The factual fashion that the anonymous author of Njal’s Saga employs while writing about events that unfolded in eleventh-century Iceland reflects the actual historical inspirations of the story. Events, although debatable as fact or fiction, are presented and structured as being facts that make up a period of Icelandic history. Because of this style of writing, it may be concluded that the saga was written to inform the reader, maybe even in a nostalgic tone, of what life was like in eleventh-century Iceland. My inference arises from the assumption that all writing has a purpose, and that a specific writing style, tone, structure, or language implies a specific purpose.

Njal dies when his homestead, Bergthorsknoll is burned to the ground. The burning of Bergthorsknoll was in fact a historical event described in accounts by Iceland’s early settlers. At the moment of his death, Njal says to those near him, “Put your faith in the mercy of God, for He will not let us burn both in this world and the next” (Njal’s Saga 266). Today those words may appear far-fetched, however in eleventh century Iceland, following the kristnitaka or conversion to Christianity, there is no worthier speech (Jochens 622). With Iceland’s conversion to Christianity, Njal’s death becomes simple; he has lived a good life, commended his soul to God, and is therefore sure to be happy in Heaven. The writer uses actual legal procedures of the Althing as a plot device in the story; drawing on factual structures to create the story. For example, Njal’s plan for Gunnar to make a dowry-claim for his cousin Unn against her divorced husband Hrut uses the legal code of the Althing.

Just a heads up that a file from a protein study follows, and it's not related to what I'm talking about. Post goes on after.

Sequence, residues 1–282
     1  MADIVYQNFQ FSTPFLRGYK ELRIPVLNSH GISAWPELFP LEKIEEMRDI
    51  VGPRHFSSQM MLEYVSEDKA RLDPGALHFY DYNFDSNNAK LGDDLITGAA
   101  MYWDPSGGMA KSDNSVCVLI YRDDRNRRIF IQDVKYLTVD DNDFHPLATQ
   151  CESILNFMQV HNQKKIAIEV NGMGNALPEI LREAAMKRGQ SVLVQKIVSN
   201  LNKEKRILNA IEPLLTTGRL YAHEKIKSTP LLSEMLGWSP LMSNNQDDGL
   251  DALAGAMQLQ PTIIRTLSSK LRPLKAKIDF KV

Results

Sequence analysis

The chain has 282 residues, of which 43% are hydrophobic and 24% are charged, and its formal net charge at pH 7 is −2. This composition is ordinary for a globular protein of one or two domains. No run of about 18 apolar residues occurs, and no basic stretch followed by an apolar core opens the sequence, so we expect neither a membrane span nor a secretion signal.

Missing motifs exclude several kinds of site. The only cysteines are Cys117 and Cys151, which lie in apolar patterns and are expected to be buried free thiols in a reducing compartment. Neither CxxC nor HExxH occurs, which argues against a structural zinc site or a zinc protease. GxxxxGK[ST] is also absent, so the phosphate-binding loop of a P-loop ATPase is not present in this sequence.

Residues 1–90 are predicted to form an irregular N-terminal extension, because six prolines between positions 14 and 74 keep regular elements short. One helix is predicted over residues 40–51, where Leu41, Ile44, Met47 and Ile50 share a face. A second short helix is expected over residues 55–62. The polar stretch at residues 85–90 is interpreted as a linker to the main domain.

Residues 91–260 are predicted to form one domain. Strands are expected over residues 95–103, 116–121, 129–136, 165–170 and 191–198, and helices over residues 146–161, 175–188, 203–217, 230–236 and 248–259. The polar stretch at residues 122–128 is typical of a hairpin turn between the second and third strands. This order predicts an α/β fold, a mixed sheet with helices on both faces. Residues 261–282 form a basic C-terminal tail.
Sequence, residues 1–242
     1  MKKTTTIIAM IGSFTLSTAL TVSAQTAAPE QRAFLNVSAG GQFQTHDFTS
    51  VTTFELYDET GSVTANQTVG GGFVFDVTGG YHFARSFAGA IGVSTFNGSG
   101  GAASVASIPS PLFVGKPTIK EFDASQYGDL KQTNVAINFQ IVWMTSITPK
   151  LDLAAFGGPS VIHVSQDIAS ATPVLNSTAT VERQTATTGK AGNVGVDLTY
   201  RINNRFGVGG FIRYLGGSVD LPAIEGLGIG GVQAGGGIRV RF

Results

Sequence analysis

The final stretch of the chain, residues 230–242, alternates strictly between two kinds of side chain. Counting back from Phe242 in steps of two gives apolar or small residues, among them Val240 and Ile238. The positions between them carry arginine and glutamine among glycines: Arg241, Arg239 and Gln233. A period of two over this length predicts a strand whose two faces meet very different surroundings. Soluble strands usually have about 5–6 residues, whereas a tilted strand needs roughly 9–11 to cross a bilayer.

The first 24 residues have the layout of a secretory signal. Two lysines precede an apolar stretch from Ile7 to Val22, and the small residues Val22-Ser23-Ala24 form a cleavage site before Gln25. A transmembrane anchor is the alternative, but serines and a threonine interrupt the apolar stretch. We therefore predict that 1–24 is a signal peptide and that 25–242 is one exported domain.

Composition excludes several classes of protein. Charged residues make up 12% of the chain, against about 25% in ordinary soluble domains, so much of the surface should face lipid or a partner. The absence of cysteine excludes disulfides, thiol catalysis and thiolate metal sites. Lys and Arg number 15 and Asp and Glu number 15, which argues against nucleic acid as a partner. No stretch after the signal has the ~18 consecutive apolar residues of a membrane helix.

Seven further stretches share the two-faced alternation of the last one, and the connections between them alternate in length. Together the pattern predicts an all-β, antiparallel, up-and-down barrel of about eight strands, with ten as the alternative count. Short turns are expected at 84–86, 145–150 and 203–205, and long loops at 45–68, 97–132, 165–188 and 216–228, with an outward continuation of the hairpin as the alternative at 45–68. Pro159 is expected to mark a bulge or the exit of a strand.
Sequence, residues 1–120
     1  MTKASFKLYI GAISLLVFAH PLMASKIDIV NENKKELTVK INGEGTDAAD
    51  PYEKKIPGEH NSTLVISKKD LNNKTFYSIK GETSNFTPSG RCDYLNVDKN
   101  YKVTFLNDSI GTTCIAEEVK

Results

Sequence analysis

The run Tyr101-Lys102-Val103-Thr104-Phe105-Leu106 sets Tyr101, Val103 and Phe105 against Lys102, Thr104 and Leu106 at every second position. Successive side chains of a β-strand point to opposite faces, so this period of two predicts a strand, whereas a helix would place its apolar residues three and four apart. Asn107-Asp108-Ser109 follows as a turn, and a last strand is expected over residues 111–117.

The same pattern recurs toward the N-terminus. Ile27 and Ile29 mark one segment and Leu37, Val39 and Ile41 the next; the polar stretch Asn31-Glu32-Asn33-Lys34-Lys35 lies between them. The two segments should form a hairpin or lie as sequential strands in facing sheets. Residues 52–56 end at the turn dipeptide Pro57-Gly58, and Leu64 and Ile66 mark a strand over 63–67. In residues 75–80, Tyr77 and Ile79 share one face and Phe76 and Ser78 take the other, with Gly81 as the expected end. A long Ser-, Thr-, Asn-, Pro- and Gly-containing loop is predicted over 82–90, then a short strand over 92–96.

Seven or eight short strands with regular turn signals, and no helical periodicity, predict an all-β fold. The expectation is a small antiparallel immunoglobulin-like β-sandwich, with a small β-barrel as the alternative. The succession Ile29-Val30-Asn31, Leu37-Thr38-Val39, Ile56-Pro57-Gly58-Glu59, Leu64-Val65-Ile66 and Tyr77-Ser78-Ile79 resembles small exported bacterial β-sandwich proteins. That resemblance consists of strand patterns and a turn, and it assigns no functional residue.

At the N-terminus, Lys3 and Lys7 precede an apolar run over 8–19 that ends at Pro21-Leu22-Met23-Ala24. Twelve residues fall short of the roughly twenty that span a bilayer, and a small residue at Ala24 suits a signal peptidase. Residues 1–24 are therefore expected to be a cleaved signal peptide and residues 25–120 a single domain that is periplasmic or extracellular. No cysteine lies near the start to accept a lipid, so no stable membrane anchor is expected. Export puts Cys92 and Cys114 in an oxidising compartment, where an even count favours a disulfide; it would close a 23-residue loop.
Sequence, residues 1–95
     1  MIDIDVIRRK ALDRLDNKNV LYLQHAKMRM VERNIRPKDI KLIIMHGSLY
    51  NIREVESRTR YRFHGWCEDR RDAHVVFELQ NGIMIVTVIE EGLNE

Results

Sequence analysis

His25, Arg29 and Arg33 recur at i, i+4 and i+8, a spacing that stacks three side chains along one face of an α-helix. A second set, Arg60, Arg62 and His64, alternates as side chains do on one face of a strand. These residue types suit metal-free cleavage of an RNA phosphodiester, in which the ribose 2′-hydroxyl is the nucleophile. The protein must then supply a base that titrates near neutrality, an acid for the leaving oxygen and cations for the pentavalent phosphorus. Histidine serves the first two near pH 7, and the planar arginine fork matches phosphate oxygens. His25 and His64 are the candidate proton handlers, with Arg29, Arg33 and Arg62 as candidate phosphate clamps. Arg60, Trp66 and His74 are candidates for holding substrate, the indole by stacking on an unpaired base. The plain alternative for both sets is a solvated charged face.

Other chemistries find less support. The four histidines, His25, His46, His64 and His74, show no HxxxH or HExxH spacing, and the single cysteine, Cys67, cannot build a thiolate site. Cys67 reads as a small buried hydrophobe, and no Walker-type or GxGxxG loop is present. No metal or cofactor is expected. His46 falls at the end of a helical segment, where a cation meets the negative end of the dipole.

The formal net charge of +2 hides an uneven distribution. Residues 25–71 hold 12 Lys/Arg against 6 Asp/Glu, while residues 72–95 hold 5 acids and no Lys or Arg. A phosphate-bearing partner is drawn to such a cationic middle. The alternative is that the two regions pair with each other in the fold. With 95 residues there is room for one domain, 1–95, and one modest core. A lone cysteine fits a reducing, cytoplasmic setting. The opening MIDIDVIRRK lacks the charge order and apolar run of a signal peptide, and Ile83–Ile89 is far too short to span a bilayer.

In Njal’s Saga, history and literature join fact and fiction to create an impressive tale of eleventh-century Iceland. The matter-of-fact way in which the saga is written reflects the story’s nature as one that stems from historical events and needs little symbolism or poetry to fulfill its purpose of informing and captivating the reader.

Works Cited

Jochens, Jenny. “Late and Peaceful: Iceland’s Conversion through Arbitration in 1000.” Speculum 74. 3 (1999): 621-655. Print.

Njal’s Saga. Trans. Magnus Magnusson and Herman Palsson. Harmondsworth: Penguin Books Ltd.,1960. Print.

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